Following our Friday morning visit with the technical school and the CCI, we enjoyed the opportunity to walk through the Olympic Park built for the 1972 Olympics. It remains today very much the way it sat at the conclusion of the Olympics, a national park commemorating the assassination of eleven Israeli athletes and a policeman by Palestinian terrorists in the middle of the Olympic festivities. The pictures below show Roundtable members approaching the park and viewing the special memorial to the Israeli athletes, many of them members of the Israeli wrestling team. Some of the coaches had survived the Nazi death camps.
BMW Tour. Then it was on to the tour of the BMW facility. Unlike the tour of the VW plant (see the earlier post on the VW Transparent Factory), this tour was a celebration of BMW’s history.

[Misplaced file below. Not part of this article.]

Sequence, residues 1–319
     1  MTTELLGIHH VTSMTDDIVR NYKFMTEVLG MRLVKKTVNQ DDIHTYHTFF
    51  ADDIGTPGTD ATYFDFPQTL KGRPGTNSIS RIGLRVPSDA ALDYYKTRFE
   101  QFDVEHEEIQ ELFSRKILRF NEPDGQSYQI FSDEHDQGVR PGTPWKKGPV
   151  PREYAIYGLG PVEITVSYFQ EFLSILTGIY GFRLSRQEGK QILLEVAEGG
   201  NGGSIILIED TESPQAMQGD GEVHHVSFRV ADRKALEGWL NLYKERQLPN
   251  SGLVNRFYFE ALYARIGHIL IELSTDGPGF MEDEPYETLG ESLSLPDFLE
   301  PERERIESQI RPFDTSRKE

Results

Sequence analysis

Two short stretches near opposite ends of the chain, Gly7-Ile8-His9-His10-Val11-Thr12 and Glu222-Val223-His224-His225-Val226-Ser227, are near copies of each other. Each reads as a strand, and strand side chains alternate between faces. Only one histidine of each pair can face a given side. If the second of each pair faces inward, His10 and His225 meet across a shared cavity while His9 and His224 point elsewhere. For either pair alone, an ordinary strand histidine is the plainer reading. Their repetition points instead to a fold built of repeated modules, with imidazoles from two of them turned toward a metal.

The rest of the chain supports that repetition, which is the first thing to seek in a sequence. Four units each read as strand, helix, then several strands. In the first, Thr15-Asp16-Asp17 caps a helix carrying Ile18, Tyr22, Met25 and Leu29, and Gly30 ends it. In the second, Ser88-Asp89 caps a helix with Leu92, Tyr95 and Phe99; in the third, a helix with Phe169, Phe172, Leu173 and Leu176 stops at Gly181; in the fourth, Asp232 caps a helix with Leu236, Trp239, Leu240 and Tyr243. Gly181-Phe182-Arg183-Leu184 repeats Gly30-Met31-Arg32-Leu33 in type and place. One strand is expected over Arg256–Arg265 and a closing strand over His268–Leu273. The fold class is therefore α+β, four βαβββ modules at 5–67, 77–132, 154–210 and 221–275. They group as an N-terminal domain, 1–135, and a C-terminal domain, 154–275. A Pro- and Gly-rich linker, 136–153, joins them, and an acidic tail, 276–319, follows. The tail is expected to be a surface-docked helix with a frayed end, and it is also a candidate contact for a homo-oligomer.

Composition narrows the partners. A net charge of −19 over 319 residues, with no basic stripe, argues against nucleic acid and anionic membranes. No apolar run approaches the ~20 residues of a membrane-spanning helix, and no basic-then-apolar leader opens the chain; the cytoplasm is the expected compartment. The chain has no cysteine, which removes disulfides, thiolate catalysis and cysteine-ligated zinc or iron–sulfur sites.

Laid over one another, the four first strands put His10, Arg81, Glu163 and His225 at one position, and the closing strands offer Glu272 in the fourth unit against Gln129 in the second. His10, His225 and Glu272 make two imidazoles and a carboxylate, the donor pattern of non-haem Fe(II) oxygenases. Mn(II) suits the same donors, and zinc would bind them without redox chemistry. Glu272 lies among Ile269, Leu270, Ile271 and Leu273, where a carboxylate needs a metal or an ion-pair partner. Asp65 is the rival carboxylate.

BMW, we were told, began as an aircraft manufacturer during World War I. Prohibited from building airplanes by the Versailles Treaty that ended the war, it began building motorcycles and small automobiles. Today, the BMW marque also includes the British icons Rolls Royce and Minis. Its products range from small automobiles for entry-level owners to luxury limousines. Our tour began with a lengthy exposure to what can only be understood as monuments to conspicuous consumption, Rolls Royce SUV’s and sedans, with starting prices at around $250,000. We then moved systematically through the history of BMW’s production line.